National Careers Week: Breaking into your career – from application to offer by Grace Baker

In celebration of National Careers Week, Recruitment Coordinator at EIP, Grace Baker has produced a short guide to help young people navigate through an important stage in their lives, the start of their careers. This guide focuses on applying and interviewing for new roles and has three parts:

1. The power of a good cover letter.

2. Mastering virtual interviews.

3. EIP’s top interview questions from candidates.

1. The power of a good cover letter

In addition to your job application, a good cover letter can help you stand out from other candidates, especially in a competitive market. Here are some tips to create an impactful cover letter:

It’s in the details

Writing a cover letter can be time consuming and perhaps a little exasperating if you aren’t sure where to start...Templates are useful but don’t rely on these too heavily, the effort to include specificities won’t go unnoticed!

Cut to the chase

You only have a page (ideally) to make your application stand out. Try to avoid obsessing over the first line and start structuring your thoughts in a succinct and logical way - point and evidence!

The use of ‘I’

Of course this role needs to be the right opportunity for you, but I’d recommend using this initial step in the application process to reaffirm where you can add value (not the other way round).

Using your voice

Alongside the CV, which is largely factual, a cover letter provides a small window into you – the candidate, so don’t fear a little honesty. It is not unprofessional to discuss, for example, the moment you realised this was the career pathway for you.

Read, re-read and read again

Don’t let your efforts to stand out be scuppered by a ‘there, their and they’re’ mishap!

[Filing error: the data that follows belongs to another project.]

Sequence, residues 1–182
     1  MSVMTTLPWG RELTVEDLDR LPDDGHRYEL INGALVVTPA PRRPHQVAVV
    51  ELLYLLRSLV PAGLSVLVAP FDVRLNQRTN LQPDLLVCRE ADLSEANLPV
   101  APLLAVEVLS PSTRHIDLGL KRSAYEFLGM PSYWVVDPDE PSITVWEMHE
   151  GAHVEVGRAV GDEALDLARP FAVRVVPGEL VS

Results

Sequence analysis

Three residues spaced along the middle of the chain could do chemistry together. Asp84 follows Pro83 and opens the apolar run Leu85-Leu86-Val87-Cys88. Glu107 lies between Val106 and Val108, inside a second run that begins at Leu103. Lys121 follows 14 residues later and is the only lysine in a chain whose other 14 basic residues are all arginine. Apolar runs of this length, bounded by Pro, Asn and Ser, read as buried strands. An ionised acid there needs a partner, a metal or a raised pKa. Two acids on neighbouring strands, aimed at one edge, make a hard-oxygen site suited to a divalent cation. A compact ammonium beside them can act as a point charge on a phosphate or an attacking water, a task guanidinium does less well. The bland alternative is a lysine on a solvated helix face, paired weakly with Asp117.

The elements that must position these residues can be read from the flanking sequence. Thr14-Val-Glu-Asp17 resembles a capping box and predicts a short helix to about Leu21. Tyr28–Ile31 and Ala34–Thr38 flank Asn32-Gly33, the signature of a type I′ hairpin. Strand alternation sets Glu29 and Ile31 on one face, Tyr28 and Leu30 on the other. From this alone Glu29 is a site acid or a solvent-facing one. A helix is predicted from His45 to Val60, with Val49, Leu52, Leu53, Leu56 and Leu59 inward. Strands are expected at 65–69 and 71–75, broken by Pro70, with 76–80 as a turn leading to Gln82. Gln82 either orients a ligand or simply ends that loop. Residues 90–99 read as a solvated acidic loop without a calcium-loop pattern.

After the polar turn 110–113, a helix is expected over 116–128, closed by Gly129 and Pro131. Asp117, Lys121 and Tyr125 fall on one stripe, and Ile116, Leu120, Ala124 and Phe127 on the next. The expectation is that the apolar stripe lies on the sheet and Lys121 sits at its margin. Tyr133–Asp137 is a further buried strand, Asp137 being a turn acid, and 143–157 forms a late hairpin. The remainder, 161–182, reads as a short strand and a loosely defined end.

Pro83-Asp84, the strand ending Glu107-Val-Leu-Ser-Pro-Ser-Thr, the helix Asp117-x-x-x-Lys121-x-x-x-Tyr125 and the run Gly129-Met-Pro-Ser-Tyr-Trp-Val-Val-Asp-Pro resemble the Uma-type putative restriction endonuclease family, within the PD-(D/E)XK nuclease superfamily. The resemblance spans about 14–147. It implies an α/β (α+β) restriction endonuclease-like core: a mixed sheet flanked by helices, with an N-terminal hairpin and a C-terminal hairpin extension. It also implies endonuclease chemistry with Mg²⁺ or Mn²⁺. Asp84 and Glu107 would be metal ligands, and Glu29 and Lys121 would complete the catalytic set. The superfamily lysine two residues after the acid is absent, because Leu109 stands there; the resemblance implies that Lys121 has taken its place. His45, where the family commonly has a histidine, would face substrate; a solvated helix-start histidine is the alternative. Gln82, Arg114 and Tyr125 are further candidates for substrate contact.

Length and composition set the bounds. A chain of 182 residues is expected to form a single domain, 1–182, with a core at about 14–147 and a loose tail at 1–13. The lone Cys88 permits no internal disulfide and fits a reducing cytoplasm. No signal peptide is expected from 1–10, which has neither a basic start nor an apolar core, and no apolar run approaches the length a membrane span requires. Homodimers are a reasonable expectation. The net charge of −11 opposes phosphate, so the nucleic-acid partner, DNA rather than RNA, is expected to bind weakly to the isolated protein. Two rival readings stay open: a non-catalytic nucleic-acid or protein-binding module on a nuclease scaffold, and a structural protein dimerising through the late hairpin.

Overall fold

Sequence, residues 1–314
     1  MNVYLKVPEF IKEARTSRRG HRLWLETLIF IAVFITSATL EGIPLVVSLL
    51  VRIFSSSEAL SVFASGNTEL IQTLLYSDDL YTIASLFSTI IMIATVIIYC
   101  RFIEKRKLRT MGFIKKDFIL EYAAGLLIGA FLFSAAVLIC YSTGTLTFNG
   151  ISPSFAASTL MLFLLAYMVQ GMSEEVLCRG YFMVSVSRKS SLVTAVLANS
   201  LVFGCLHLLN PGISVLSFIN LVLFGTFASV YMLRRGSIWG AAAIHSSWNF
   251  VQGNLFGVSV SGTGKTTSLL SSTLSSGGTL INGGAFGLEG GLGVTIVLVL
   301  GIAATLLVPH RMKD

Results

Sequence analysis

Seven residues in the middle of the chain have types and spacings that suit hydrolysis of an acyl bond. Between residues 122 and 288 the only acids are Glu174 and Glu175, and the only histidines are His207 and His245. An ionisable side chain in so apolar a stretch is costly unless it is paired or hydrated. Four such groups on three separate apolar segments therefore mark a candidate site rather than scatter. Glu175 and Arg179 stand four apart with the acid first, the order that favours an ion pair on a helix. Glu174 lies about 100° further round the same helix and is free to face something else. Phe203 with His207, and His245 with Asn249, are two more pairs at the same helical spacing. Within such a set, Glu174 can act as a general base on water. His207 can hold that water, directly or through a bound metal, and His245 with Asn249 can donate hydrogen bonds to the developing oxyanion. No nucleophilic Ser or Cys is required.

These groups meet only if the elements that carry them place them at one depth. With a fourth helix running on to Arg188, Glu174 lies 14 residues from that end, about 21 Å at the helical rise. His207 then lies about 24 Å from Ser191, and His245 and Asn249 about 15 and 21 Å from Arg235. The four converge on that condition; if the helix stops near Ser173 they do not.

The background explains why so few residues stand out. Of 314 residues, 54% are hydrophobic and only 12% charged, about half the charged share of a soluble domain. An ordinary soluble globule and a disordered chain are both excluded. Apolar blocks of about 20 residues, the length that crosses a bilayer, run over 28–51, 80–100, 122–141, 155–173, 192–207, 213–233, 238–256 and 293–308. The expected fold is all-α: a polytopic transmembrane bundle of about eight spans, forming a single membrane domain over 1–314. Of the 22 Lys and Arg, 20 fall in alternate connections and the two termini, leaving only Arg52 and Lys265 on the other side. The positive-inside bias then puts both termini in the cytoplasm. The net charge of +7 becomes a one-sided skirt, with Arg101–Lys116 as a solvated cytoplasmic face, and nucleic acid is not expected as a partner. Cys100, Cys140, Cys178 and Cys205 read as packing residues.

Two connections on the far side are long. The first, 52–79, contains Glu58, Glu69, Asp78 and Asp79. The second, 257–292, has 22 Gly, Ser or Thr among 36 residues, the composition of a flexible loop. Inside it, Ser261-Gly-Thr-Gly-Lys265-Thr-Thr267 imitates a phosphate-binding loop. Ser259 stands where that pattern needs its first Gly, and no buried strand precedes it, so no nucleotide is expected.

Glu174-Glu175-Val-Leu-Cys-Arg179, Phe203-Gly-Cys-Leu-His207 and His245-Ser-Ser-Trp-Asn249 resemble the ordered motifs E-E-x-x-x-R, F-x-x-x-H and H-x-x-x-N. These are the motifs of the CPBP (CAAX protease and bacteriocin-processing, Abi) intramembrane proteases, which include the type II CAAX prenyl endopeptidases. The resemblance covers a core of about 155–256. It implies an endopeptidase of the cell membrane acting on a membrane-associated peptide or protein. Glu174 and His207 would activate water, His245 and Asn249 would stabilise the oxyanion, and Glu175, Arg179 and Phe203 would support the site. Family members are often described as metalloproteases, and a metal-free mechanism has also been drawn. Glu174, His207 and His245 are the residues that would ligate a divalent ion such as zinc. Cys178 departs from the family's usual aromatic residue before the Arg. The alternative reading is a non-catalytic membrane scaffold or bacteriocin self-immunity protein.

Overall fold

2. Mastering virtual interviews

In the months that follow the easing of lockdown (hooray!) we are likely to continue seeing partially, if not fully virtual recruitment processes. Here are some hints and tips to help you ace that MS Teams interview:

Practice makes perfect

Whichever platform you are using, test your virtual meeting set up in advance! The surge of panic when you realise the sound doesn’t work 5 minutes before you are due to meet, won’t do you any favours.

No more distractions please…

Background noise is perfectly understandable, especially when the only space left in the house is your kitchen! It will, however, help you retain focus if you are able to limit this. Muting your microphone when you are listening to your interviewers, for example, can provide peace of mind here.

What is the WFH dress code?

It is perfectly reasonable to approve the dress code with your interviewers. Whilst it’s fair to assume that the gym kit from your lunch time run is perhaps a little too casual, not all employees (including EIP) expect candidates to be suited and booted during a virtual meeting. To ensure you are comfortable on the day, it’s probably worth checking.

Look up!

It might feel a little unnatural but making a conscious effort to look at the camera and not the video feed on screen will make a significant difference. This appears more engaging and can create the illusion of confidence.

‘Leave Meeting’…What now?

Whilst it has its difficulties, our dependency on virtual meetings should not be viewed as a hinderance to open communication. I would recommend using this platform to follow up with your interviewers’ post-interview, even a quick ‘thank you for your time’ IM is a nice way to leave the conversation. This isn’t the be all and end all, but it demonstrates a conscientious approach to interview etiquette.

3. EIP’s top interview questions from candidates

Interviews are a two-way street! Plus, thoughtful questions demonstrate that the opportunity has been carefully considered and prepared for, which is always a winner. To help here are some universally applicable questions to bring to your next interview:

  • What attribute(s) do you feel is/are most important for this role?
  • How do you support employees with professional development opportunities?
  • How do you differentiate yourself from your competitors?
  • What is the company culture?
  • How does this role fit within the wider team and its dynamics?

With all that said, if you are considering your career options, please reach out to me or my colleague Chris Ball for a non-committal conversation about your future in IP at: